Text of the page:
I got tipped off during the summer by an excited comrade that Mosaic Records was collecting all of composer Anthony Braxton's records for Arista Records, made in the 1970's, into one CD Box-Set for release in October; folks: that's now! www.mosaicrecords.com. The news came at an interesting moment: I was poring over the DVD extras of Julie Taymor's most recent film work – Across the Universe. That's Taymor's film-musical dedicated to the music of the Beatles. And I was musing over the fact that the Beatles were, much to my surprise, a key influence, if not on my personal work, at least on my outlook on life; frankly that did surprise me. So on this take of Favorite Street, I'm going to direct you towards some media that can give you some insight into influences from the sixties and seventies upon my own and Rova's work, past and present, my own playing/thinking, and the creative process in general.
Here's what I'm recommending to all of you with all your free time:
1. CD: Wadada Leo Smith: Kabell Years 1971-1979
2. CD: The Complete Arista Recordings Of Anthony Braxton (8CDs).
3. CD: The Art Ensemble of Chicago: Baptizum // People in Sorrow // Les Stance et Sophie
4. CD: Steve Lacy: Scratching the Seventies
5. DVD: Julie Taymor's film: Across the Universe
6, CD: Cecil Taylor: Dark to Themselves and Conquistador
7. Online reading: Synergetics by Buckminster Fuller
8. finally: DVD: Musician, featuring Ken Vandermark
Braxton, Lacy, and Mitchell
The Art Ensemble of Chicago
Julie Taymor: Across the Universe
Buying the DVD in this case was kind of a revelation. Being in a movie theater with the big screen in the dark will always be my favorite way to see film, but the DVD medium has many positive aspects to it. First of all, after you watch a film all the way through the first time, then after that it's absolutely fantastic to see it in small increments. The best movies are like books. Too much detail going by for one sitting, at least in serious concentration. Across the Universe is not a really deep film in most ways. But one thing really comes across on DVD: Taymor has really captured the spirit of the '60s, especially the 60's on the East Coast. Now the storyline almost doesn't matter in this film; it is after all a musical. But the underlying tone of the film is a direct hit throughout and really very moving. The combination of the Beatle's naïve optimism and the true (and frightening) uncertainty of the times were captured incredibly well by the Beatle's lyrics and music, at least as framed by the film. So I'm not sure which came first, the music or the frame, but in the end I was very moved, and if you lived through those days, I think you will be too. In any case there are minutes throughout out the film of breathtaking editing or montage that are worth sitting through all the rest of the film. But "the rest" is all music, and fantastically done for the most part.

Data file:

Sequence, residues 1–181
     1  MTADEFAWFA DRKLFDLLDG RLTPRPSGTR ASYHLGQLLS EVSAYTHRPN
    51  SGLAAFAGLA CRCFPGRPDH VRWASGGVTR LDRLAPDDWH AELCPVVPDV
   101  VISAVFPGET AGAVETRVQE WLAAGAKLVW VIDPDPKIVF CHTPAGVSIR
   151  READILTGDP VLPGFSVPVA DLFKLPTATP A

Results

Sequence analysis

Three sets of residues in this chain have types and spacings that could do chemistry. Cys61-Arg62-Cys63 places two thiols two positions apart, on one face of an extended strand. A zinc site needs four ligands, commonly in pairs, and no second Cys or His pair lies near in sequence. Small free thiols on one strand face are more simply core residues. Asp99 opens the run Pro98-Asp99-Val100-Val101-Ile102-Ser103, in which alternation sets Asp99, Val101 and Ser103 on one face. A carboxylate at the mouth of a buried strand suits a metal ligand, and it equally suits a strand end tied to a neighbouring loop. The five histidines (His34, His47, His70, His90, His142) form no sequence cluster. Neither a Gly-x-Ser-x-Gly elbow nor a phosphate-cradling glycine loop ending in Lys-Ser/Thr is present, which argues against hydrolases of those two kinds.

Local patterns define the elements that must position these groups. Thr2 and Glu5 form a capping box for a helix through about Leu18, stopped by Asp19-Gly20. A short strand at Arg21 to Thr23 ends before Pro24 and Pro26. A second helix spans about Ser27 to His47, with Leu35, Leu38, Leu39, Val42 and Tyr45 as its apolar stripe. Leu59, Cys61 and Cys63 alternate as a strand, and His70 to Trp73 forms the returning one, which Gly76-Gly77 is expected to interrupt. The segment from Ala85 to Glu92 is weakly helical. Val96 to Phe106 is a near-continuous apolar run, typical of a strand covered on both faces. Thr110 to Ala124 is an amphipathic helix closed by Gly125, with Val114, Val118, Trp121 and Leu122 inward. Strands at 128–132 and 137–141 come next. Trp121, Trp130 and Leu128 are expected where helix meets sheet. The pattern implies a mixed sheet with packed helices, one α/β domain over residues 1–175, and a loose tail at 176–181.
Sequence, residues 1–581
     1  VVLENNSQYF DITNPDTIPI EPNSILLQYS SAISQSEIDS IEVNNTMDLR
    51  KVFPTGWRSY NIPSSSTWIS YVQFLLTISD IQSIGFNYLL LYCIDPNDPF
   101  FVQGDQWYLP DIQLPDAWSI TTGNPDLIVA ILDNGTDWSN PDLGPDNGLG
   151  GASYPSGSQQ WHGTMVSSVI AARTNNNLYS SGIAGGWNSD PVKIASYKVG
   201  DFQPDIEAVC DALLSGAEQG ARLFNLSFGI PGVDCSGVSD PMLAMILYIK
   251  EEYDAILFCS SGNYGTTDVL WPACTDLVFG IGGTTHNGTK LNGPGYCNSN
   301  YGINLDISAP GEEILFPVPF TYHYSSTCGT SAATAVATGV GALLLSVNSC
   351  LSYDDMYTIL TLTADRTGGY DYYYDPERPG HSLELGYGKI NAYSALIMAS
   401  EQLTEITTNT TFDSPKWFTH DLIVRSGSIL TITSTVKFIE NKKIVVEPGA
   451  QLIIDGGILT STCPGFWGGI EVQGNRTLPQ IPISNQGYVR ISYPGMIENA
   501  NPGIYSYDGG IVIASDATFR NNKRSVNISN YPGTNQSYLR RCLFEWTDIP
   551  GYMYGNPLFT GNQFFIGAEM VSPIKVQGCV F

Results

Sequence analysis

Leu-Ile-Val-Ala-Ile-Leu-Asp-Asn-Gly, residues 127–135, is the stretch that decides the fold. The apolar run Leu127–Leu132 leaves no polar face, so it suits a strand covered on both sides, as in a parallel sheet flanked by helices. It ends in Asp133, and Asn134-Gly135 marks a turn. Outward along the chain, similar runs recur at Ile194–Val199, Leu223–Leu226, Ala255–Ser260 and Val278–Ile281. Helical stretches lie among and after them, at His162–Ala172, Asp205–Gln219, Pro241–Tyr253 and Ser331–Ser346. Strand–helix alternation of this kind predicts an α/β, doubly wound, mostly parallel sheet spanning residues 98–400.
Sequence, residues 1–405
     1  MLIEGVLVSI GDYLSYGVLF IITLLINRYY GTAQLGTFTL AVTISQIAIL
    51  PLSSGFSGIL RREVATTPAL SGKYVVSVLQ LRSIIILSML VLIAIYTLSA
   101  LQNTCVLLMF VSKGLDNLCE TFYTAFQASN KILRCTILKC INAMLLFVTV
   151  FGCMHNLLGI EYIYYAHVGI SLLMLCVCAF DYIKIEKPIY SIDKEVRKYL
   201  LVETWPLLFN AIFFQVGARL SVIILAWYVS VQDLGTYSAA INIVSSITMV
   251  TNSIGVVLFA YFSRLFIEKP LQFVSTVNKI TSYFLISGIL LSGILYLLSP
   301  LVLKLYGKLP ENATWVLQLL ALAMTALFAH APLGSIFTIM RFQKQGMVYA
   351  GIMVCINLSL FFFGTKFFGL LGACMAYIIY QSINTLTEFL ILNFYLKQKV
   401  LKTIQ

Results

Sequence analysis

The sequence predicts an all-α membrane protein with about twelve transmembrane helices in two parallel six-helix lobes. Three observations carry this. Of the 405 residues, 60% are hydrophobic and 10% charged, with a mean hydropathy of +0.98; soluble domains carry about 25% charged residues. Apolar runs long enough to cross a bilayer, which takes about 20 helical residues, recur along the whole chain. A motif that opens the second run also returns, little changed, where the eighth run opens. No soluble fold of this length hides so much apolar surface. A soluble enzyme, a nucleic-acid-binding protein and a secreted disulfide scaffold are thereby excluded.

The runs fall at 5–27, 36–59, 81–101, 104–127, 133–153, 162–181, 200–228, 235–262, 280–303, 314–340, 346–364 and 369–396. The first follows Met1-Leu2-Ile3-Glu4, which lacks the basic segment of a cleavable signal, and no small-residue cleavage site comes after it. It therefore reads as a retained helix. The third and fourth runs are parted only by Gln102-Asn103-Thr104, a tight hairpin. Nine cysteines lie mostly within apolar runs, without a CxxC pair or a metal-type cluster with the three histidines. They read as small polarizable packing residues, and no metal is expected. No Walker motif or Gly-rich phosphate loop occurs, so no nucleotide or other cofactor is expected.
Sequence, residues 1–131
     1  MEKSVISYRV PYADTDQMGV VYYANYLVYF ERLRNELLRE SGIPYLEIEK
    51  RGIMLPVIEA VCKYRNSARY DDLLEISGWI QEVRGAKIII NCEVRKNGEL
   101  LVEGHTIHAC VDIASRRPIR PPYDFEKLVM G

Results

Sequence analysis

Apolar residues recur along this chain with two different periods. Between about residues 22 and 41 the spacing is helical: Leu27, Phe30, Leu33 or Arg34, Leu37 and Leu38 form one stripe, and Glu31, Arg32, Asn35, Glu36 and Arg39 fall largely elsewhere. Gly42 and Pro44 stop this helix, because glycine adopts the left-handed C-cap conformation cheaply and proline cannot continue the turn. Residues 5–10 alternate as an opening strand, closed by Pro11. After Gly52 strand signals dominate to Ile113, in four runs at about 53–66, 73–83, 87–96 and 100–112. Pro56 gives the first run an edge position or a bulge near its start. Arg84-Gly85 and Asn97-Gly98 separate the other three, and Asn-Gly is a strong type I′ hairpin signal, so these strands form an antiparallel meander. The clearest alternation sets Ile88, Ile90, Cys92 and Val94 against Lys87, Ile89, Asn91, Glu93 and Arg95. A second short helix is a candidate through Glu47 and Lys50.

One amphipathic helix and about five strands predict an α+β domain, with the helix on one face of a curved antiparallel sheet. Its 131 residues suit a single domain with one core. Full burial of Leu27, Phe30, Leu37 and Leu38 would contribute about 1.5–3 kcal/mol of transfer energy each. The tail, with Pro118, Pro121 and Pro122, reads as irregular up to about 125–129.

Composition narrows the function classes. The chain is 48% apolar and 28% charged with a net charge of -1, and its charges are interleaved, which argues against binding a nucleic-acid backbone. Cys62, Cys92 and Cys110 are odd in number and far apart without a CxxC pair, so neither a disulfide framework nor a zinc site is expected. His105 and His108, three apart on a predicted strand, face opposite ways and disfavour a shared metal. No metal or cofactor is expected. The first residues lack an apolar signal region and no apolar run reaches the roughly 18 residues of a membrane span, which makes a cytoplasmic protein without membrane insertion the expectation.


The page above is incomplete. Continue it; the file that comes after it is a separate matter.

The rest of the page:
The DVD extras are fantastic. Taymor does the commentary herself, and for once a director takes the job seriously and really gives you a lot of information about how she thinks and works. There are also some well-done docs on the choreography in the film, and in the end I learned a lot about making movies. Finally the out-takes of the music scenes are worth the cost of the DVD by themselves; perhaps my favorite was the out-takes segment of Eddie Izzard doing his Mr. Kite scene. He's improvising the vocalise as he goes along... "structured improvisation" (of a kind) at its best. Watching his raw takes, and then going back to the film to see the finished product: illuminating...